The Arts: Adapting to a 'new normal'
The Arts: Adapting to a 'new normal'
12 October 2020
“Artists have the ability to create something that evokes different reactions from each individual. It can inspire hope, cause reflection, unbridled joy and a raft of other emotions. Art is the creative expression of the human spirit and it needs to be nurtured, celebrated, curated and experienced.” – Meg Wilson, Director of the ACT Writers Centre.
The Arts were among the first of a long list of industries hit by COVID-19. Festivals, concert series, events and galleries were all cancelled, postponed or closed when the pandemic hit Australia in March. Staggeringly, within two months, under 50 per cent of all arts and recreation businesses remained trading (compared to 90 per cent of Australia’s other industries).
Since that time, the Arts have pivoted and began pioneering new methods to connect to audiences longing for connection. Artists took their talents to a virtual medium through the internet and social media. As a result, the country remained entertained, stoic, encouraged and laughing despite the uncertainty of the situation. Many of these artists did so in the knowledge that their own livelihood, career or employment was just as uncertain as the situation itself.
In The Salvation Army, the pivot into a virtual medium has been just as sudden. Many church services have gone ‘live online’ or have been recorded for online purposes. Musicians, artists and leaders accustomed to playing live have transitioned to multi-layering or recording worship, songs, scripture and sermons.
But what of the Arts as a ministry? Many corps have embraced virtual performances to engage not just their own congregations, but the wider community. Bands and the Just Brass program have recorded virtual projects or concerts and used Zoom in place of weekly rehearsals. Graphic designers, artists and photographers have had a wider platform in which to share their skill set – pointing people upwards when sharing beautiful artistry.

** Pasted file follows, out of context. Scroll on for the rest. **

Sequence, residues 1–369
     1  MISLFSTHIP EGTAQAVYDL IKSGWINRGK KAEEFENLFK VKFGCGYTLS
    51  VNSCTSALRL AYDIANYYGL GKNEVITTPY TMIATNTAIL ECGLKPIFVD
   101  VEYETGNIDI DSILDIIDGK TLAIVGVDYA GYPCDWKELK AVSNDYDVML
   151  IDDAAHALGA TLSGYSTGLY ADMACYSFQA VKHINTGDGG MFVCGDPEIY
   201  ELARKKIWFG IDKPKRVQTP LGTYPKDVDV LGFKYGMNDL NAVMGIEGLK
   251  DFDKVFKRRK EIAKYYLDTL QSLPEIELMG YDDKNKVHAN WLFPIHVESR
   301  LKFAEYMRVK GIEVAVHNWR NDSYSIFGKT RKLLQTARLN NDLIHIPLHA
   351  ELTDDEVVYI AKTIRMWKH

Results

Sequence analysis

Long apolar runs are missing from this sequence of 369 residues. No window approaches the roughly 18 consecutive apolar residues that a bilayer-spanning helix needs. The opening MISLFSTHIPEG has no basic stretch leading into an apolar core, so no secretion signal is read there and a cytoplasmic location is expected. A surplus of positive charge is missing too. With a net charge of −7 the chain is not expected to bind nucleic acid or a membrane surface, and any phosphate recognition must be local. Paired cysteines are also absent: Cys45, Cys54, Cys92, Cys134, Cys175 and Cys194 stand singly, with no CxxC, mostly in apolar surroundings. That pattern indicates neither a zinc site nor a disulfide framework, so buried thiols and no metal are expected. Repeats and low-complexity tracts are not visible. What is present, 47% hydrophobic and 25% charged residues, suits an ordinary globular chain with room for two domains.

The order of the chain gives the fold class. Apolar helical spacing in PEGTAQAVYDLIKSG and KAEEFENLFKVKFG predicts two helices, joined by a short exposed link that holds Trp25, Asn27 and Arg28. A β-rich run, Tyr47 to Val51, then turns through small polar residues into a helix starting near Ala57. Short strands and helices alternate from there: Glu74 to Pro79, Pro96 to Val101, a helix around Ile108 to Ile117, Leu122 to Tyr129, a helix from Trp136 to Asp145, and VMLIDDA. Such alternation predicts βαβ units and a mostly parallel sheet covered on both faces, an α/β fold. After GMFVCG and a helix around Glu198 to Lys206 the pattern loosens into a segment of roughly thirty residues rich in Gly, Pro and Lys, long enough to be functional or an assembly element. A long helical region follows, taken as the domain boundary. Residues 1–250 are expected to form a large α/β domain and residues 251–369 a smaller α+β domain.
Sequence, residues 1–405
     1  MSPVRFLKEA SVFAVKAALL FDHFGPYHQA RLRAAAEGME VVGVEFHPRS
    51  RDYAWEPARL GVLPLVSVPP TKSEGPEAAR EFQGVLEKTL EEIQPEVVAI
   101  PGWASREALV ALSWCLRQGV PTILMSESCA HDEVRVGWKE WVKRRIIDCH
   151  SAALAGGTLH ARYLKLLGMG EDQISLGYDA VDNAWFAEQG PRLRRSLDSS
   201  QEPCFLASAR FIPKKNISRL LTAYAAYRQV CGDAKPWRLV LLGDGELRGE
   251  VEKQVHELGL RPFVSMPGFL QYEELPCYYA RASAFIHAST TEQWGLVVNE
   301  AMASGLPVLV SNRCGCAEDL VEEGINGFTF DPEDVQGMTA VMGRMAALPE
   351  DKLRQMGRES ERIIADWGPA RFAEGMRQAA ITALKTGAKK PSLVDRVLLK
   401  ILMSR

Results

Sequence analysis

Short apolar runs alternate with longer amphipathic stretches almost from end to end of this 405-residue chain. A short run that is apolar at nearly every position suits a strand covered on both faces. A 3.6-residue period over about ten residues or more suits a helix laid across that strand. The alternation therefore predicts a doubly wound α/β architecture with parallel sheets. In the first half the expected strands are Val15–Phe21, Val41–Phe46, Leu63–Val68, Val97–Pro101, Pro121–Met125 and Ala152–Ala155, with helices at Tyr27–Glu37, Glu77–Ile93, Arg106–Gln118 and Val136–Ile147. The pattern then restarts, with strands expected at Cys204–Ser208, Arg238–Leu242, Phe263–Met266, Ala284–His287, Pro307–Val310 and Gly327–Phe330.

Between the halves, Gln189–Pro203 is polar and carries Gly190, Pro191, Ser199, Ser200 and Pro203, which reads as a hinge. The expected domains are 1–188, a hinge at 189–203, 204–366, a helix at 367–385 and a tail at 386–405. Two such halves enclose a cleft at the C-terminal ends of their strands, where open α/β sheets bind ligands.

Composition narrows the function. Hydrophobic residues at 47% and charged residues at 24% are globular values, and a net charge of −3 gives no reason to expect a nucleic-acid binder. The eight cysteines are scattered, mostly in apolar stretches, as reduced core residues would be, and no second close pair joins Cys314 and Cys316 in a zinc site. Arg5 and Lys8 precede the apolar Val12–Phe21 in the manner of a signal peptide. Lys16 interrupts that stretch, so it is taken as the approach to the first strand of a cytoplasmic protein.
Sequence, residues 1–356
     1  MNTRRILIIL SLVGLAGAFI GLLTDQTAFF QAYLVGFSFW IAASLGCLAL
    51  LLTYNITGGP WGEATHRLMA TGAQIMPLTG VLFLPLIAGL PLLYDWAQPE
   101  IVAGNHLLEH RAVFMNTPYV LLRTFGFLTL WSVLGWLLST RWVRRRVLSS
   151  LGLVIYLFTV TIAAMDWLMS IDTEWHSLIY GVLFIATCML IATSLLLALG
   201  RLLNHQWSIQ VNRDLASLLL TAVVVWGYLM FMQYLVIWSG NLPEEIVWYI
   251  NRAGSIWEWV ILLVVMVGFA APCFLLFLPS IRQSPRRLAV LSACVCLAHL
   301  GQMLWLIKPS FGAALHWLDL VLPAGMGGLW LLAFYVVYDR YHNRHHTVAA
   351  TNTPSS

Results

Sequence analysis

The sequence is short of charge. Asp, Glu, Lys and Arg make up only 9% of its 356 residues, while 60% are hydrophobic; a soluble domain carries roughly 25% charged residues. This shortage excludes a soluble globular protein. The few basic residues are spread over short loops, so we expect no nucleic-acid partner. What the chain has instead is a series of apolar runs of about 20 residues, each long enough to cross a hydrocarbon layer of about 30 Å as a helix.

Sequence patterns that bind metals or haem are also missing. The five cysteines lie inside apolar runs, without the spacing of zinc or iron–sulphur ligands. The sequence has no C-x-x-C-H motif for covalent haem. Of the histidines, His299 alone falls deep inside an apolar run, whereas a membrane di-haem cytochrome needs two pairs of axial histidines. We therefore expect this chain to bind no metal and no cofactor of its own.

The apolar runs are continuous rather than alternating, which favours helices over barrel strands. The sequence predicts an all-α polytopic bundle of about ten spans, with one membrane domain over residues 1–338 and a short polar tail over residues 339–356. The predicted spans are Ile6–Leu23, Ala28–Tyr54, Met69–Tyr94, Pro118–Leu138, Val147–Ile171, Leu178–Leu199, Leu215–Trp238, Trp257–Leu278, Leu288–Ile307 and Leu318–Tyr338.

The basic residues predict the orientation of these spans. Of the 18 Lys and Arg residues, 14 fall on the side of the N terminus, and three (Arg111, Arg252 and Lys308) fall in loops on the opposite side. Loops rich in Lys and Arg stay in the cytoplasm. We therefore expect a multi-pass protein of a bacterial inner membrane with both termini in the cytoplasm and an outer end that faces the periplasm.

At Carindale Salvos in Brisbane, the weekly dance program transitioned to a weekly video lesson sent by the teacher to the children and youth that attended. The worship team recorded the track separately, and the children and youth then submitted their videos where it was edited and compiled for both ‘Church on the Couch’ [Sunday church] and social media platforms during the week.
Through all of this we recognise the physical, emotional, spiritual and mental benefits that the Arts have on our Salvation Army artists, and those they connect with.
This transition to virtual mediums will leave a legacy of connection with local communities. As Canadian church leader and blogger Carey Nieuwhof often states, “Everyone you want to reach is online.” It is important to consider that as restrictions differ around the country, can we afford to go back to ‘normal’ in the Arts without holding on to the connections, collaboration and community that shifting to online built?
The Arts are essential to any community or country. Through the Arts we learn to creatively express ourselves, to reason with emotion, to grapple with current issues. Every time we watch TV, listen to the radio, go to the theatre, read a book, look at a cartoon or attend live concerts, we are benefactors of cultural input into our lives. Through these mediums (and many more), we learn who we are as individuals, and in the grander scheme of society and community.
Eric Liddell, the Olympic gold medalist featured in the film Chariots of Fire, said,“God made me fast. And when I run, I feel his pleasure.” Just like Eric, I believe that when we play, dance, sing, paint or compose, we are connecting with God on a deeper level. God made us creative, and when we use that gift, it is the highest form of worship.
Please continue to support our creative artists and performers over the coming months and years, both within, and external to, our wonderful Salvation Army community.